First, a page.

Studying Physiotherapy in the UK
To practice physiotherapy in the UK, you must register the the Chartered Society of Physiotherapists (CSP) and Health Care Professionals Council (HCPC). Successful registrants must have taken a pre-registration course accepted by the CSP. There are some conversion pre-registration programmes available in the UK. Typically 2 years long and open to students with relevant first degrees. The list of accredited programmes are included in the CSP accredited courses list.
UK undergraduate degree courses are also open to graduates and application is through UCAS.
Applying to courses
For more information, closing dates, application forms etc., for the above, contact the individual university directly.
Psychiatrists are medically qualified doctors who look after patients with mental health problems such as depression, schizophrenia, eating disorders, anxieties, phobias & drug & alcohol abuse.
All Psychiatrists are full qualified doctors who then secure a place on a ’Postgraduate Medical Training Scheme in Psychiatry’
In order to apply for accredited postgraduate programmes you must first become a Graduate Member with the Psychological Society of Ireland (or British Psychological Society) which is based on gaining an accredited undergraduate degree or conversion course. There are a number of conversion courses available including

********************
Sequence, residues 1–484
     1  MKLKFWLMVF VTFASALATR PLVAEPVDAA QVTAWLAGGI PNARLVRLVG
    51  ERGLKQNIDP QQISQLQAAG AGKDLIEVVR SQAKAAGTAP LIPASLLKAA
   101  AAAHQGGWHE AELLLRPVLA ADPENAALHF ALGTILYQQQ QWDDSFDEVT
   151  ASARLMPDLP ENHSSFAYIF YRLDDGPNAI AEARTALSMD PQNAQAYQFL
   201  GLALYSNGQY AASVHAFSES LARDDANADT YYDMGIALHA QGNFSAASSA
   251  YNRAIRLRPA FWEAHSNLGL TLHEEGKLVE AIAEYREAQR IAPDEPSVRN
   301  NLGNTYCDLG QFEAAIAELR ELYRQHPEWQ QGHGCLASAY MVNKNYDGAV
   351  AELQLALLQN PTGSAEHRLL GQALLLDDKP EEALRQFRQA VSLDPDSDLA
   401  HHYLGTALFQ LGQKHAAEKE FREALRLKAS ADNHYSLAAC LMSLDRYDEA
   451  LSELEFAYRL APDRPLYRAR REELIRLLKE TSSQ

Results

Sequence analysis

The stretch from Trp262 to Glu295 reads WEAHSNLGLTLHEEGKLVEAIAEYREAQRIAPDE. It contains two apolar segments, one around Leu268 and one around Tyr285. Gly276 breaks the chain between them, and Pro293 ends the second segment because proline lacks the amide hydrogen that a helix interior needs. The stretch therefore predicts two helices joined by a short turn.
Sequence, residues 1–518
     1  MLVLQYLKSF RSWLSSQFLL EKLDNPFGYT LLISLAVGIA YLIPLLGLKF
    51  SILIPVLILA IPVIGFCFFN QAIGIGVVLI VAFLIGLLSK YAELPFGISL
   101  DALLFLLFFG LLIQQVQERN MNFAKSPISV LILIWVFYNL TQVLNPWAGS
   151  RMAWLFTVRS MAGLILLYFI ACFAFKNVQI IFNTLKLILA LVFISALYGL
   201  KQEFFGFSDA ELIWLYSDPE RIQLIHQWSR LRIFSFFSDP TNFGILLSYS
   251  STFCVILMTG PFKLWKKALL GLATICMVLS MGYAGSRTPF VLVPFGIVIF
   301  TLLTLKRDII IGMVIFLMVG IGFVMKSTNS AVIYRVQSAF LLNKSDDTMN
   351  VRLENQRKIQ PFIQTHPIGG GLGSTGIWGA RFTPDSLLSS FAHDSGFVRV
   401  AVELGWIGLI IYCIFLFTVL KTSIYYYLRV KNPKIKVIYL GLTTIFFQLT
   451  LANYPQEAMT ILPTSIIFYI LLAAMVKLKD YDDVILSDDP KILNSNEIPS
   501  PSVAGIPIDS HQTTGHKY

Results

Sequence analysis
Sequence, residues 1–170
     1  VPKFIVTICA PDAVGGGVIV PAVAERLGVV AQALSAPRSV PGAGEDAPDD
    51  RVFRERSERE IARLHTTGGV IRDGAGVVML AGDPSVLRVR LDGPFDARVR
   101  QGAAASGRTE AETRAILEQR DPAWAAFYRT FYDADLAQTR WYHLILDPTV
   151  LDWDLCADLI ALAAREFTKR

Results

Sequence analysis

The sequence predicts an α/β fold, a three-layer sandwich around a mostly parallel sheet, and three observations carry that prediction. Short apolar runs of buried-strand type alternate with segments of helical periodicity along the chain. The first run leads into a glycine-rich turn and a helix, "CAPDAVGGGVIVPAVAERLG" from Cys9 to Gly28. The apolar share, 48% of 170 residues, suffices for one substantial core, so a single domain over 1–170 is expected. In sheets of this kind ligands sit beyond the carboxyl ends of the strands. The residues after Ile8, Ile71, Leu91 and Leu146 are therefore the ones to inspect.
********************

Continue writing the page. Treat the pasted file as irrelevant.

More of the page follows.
- National University of Ireland, Galway:
- Higher Diploma in Psychology for BA Psychological Studies graduates only (1 year)
- 2-year HDip for graduates with other degrees.
Once you have completed the accredited conversion course, you can then become a graduate member of the PSI.
If you wish to take a conversion coursein the UK, ensure that it is accredited by the British Psychological Society (BPS). You will have to get your qualification validated by PSI if applying for Graduate Membership afterwards. Entry requirements vary with many courses expecting a certain level of psychology study prior to entry to the course.
According to the PSI, graduate members can become registered psychologists ’if they are judged to have completed four years of study / training / experience or any combination thereof such that they can practise as a psychologist without supervision’.
The PSI’s list of accredited courses is updated online as accreditation is awarded.
Application for courses is directly to the university in question.
If applying to the UK, ensure that the course is accredited by the British Psychological Society
- Clinical Psychology
- Counselling Psychology
- Educational Psychology
- Forensic Psychology
- Health Psychology
- Organisational / Occupational Psychology
- Sport Psychology
- Research Psychology / Lecturer
Radiography and Radiology may sound similar but are very distinct professions.
Radiography is a clinical science, while Radiology is a specialism in medicine.
A Radiographer is a clinical scientist and the field has 2 distinct areas:
- Diagnostic - working in imaging / radiology departments using a range of techniques to take images requested by doctors or other healthcare staff.
- Therapeutic - also called Radiotherapy or Radiation Therapy. Deliver radiotherapy while working with clinical oncologists, medical physicists and engineers.
Recognised courses in Ireland are listed at http://www.coru.ie/en/education/approved_qualifications